Last night I watched my DVR’d premier of ABC’s new show Daybreak. Was actually pretty good, very watchable, fast paced, and the groundhog day aspect of it is no more a leap than 50 people crashing on an island where no one could find them. The biggest problem with Daybreak last night was how many characters were introduced, I feel like I need a lineup sheet to keep track of them all and what they’re doing throughout the day.
The best part about Daybreak was that I didn’t miss not seeing LOST at all. Of course some of that may have to do with the less than steller 6-week mini-series that just passed us by. I’m not the only one who feels this way, I’m sure.
Over at JustTV blog Professor Jason Mittell examines what went wrong in his excellent post "Is My Faith Lost?".
One of LOST’s strengths thus far has been a mastery of final
acts, both of season and episode. Throughout season 2, fans complained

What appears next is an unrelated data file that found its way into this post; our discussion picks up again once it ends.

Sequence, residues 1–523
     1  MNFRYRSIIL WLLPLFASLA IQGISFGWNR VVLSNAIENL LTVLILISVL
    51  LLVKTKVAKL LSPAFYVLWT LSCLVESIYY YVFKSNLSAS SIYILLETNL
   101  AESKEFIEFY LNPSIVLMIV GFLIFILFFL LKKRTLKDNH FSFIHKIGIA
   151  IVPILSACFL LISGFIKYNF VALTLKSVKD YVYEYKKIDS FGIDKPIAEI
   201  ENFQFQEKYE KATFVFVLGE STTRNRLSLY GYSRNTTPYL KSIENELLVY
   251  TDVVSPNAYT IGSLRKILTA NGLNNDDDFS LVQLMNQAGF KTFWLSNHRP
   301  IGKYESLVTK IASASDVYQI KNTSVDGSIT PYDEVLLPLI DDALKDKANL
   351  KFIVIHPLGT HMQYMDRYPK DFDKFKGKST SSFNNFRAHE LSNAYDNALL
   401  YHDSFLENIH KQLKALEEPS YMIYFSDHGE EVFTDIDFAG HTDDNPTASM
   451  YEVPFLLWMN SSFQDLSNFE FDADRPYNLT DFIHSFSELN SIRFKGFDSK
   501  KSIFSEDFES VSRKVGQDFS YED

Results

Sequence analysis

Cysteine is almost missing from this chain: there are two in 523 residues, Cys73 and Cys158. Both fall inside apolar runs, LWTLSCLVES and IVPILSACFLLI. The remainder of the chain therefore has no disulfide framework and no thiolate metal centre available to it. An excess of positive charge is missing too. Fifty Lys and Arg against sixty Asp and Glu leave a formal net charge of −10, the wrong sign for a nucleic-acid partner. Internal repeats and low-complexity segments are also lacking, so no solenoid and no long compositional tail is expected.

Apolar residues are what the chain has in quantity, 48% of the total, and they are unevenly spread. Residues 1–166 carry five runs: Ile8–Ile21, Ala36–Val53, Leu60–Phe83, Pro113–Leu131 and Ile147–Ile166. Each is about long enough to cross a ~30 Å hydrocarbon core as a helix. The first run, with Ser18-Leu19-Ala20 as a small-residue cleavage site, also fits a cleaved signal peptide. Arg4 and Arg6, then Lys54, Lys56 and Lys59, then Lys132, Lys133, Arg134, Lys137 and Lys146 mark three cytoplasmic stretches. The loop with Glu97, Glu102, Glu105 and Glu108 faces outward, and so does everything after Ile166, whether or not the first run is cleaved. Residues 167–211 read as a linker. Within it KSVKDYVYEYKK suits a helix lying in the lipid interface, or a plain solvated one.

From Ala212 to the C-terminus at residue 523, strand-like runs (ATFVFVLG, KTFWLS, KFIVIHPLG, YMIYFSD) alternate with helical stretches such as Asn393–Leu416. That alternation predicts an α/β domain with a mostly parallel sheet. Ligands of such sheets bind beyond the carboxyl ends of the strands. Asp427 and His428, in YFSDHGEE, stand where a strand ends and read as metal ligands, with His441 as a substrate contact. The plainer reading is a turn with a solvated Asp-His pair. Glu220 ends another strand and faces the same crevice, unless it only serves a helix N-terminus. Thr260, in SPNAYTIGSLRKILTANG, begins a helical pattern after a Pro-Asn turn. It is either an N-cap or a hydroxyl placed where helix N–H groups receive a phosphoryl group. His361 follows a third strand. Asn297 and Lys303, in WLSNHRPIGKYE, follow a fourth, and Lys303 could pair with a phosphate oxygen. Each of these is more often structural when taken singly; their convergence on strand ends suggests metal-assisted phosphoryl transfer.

that many episodes were 40 minutes of boring set-up for a great final
3-minute sequence. I was always fine with that, as I recognized that
those set-ups were usually needed to deliver the final moments, and
they served to deepen character and plot arcs in often subtle ways. And
LOST has delivered in the season finales both years, albeit in
different ways. Season 1 ended with some frustrating suspense, peering
down the hatch, but the capture of Walt was an immensely satisfying
twist. Season 2’s finale was simply perfect, answering tons of
questions about Desmond & the hatch, while opening a great number
of mysteries to keep us pondering all summer (cue Giant Foot).
Season three lacked alot of that suspense and mystery. The audience was in on most of the mysteries this time. Hopefully that will change in the second half of the season.